For Zionists of a certain age and temperament, no home was complete without a prominently placed copy of Larry Collins and Dominique Lapierre’s “O Jerusalem!” A secular Bible of sorts, Collins and Lapierre’s popular-historical chronicle of the founding of the State of Israel testified to the essential rightness of the Jewish cause, even as it gestured toward a fuller-bodied understanding of both sides of the struggle. Some 35 years later, after Collins’s death in 2005, that most logical of next steps — the big-screen adaptation — has been granted to “O Jerusalem!” and the results are both disappointing and illuminating.
“O Jerusalem” — the exclamation mark has bitten the dust somewhere between script and screen — begins sequences by slowly fading into color from black and white, as if newsreel footage were coming to life. After a short introduction, in which Jewish soldier Bobby Goldman (played by J.J. Feild, a bargain-basement Jude Law) and Palestinian cab driver Saïd Chahine (Saïd Taghmaoui) meet-cute in New York, it’s off to the Middle East. There, the two rapidly take up leadership positions in the Haganah and the Palestinian resistance, respectively. They are joined by Jacob (Mel Raido), a hotheaded American transplant who represents the rash, violent impulses Bobby so nobly resists.
The trio, along with the women who emerge from left field as their love interests, stumble through the turbulent and often tragic times immediately before and after the founding of the State of Israel, serving as fictional stand-ins for the events of Collins and Lapierre’s nonfictional narrative. For the most part, though, this is a cleaned-up, polite version of history, one in which Jordanian and Jewish leaders clasp hands immediately after ceasing hostilities, and where Palestinian military officers are warmly welcomed at Jewish headquarters in the middle of a war. Everyone holds his weapons as if auditioning for the next John Woo film, and moments of high emotion are rapidly followed by clumsy dialogue and heavy-handed exposition.
Logical improbabilities aside, “O Jerusalem” crafts ham-fisted parallels between the Jewish and Arab experiences in the immediate post-British era, with good-hearted individuals falling prey to poor leadership (on the Arab side) or to vicious, semi-criminal gangs intent on wrecking their good name (on the Jewish side). Bobby, an amalgam of the book’s Bobby Reisman and Mickey Marcus, leads the Jewish warriors through the Cliffs Notes version of the War of Independence, from the siege of Jerusalem to the battle of Castel, while striving to preserve the moral values of the yet-to-emerge state.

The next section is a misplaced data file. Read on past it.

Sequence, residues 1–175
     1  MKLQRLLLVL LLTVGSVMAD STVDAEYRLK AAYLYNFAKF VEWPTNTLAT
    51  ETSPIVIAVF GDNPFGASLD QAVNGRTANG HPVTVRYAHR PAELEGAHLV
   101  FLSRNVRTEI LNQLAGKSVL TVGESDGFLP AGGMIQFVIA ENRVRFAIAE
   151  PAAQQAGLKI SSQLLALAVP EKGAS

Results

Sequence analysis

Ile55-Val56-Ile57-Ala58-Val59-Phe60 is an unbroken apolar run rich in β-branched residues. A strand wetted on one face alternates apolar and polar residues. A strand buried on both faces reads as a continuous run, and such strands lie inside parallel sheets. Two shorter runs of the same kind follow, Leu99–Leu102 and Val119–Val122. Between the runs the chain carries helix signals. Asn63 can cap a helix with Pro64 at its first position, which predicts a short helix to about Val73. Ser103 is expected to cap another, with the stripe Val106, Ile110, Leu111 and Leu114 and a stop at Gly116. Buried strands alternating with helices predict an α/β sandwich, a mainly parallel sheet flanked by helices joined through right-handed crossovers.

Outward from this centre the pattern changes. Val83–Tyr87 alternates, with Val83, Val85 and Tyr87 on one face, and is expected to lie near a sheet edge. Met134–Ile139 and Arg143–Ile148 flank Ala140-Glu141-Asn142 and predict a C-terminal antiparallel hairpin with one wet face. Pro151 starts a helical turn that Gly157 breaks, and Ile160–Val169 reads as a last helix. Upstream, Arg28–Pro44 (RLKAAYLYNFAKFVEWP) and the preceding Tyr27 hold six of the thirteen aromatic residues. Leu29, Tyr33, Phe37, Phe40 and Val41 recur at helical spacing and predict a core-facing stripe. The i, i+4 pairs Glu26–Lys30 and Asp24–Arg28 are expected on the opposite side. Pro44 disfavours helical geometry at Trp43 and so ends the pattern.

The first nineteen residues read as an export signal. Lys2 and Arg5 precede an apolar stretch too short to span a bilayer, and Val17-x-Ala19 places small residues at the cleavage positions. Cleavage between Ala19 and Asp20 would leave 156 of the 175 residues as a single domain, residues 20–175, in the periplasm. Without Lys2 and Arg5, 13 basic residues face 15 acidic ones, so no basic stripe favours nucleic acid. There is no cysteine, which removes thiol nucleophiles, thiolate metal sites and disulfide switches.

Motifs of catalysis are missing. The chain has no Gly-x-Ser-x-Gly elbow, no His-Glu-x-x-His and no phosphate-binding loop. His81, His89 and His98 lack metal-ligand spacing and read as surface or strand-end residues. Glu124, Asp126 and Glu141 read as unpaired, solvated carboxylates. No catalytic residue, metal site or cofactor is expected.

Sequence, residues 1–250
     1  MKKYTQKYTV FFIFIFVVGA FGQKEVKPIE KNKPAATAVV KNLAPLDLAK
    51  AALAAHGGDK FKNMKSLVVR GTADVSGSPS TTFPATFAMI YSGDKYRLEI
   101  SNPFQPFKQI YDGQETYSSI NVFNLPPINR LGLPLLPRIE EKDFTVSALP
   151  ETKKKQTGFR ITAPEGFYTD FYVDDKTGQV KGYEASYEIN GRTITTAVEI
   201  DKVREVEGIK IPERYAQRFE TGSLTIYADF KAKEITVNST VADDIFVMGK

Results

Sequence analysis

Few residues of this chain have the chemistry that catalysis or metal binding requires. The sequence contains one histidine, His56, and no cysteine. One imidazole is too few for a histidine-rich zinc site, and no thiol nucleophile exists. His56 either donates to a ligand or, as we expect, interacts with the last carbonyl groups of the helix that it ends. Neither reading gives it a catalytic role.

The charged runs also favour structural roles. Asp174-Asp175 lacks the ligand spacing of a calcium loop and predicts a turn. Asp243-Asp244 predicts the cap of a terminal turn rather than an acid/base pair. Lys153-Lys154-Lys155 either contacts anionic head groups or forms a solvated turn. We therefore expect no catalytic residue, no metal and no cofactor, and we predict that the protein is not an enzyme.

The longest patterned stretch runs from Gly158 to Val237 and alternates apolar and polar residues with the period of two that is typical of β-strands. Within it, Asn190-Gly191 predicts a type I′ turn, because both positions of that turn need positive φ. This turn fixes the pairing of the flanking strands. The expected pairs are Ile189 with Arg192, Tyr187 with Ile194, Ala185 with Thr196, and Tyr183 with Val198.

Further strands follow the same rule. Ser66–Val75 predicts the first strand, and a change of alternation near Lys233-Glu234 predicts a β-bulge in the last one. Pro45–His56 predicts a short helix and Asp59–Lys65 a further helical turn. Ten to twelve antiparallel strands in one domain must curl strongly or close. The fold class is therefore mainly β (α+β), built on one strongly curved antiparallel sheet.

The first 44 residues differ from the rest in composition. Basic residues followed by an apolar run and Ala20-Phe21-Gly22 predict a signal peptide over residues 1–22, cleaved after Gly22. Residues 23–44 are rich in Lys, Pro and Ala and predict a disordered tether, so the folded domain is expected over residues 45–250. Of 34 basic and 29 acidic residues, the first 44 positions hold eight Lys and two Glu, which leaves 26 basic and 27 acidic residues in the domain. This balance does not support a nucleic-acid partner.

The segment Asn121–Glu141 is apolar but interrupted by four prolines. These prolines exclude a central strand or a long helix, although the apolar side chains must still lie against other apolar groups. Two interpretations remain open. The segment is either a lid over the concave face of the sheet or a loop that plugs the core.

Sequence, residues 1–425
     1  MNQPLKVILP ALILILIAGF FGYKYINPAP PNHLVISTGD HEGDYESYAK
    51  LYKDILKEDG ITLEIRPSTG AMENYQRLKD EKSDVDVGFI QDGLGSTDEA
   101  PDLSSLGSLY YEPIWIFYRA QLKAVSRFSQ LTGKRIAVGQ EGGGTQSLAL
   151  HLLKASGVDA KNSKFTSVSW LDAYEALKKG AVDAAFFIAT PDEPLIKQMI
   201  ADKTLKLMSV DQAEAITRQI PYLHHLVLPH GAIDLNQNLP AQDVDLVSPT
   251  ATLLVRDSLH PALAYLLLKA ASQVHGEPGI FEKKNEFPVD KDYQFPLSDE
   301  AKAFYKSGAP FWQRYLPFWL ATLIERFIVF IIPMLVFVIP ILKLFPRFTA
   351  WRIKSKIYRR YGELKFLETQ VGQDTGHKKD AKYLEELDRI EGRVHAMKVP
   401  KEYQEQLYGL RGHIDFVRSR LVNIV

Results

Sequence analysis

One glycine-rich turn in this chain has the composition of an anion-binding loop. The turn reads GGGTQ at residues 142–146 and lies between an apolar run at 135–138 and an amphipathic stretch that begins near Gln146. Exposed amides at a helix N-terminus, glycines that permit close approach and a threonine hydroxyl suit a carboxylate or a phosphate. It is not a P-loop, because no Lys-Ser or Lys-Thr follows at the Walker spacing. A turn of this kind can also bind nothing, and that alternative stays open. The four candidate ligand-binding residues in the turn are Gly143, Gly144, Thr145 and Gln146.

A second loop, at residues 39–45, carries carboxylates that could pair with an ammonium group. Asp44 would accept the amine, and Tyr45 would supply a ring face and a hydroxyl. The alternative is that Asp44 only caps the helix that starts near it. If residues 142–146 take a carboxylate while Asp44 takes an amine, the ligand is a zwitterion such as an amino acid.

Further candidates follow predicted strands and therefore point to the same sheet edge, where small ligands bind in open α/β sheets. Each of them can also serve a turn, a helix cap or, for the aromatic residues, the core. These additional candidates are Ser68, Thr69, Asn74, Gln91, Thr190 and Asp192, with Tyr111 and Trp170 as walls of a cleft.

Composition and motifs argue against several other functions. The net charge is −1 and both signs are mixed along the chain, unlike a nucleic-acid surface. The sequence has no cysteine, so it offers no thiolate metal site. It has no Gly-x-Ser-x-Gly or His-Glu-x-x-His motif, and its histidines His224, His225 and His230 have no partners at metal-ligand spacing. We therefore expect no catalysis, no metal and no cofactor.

For all its intent to depict Jews and Arabs scrupulously, the latter mostly fall away as the film progresses, replaced by the comic-book versions of David Ben-Gurion (Ian Holm) and Golda Meir (Tovah Feldshuh). Feldshuh, reprising her role from the acclaimed theatrical production “Golda’s Balcony,” gives Meir a steely assurance even in ludicrous situations, like when, on a crowded Jerusalem bus, she makes a speech asserting the rights of women. The role of villain is filled by the leader of the Irgun, exclusively blamed for the bombing of the King David Hotel and seen, rifles still smoking, after the horrific massacres at Deir Yassin. Afraid to offend its likely constituency, “O Jerusalem” never names him as Menachem Begin.
Based on a book published in 1972, “O Jerusalem” acts as if it had been made that same year. Absent from the proceedings are any of the revolutions that has rocked Israel’s thinking about its own past, whether Begin’s rightist challenge to the patriotic superiority of Ben-Gurion’s ruling elite, the scholarship of Benny Morris and the other revisionist historians, or the assertive nationalism of the Palestinians. There are times when “O Jerusalem” feels more like a Mapai recruiting effort than like anything else, and the oft-blinkered vision of Israel’s founding fathers guides Elie Chouraqui’s film.
“O Jerusalem” can occasionally be moving despite itself, as with the image of a convoy of aged men carrying supplies for the besieged inhabitants of Jerusalem on their backs. But above all, it is a tribute to the now-smudged ideals of the past — the fighter who recites poetry as evidence of his passion, the iron-willed leaders with a tendency to break into impromptu speeches. It is a reminder not necessarily of what once was, but of the way we once thought we were.
Saul Austerlitz is a regular contributor to the Forward.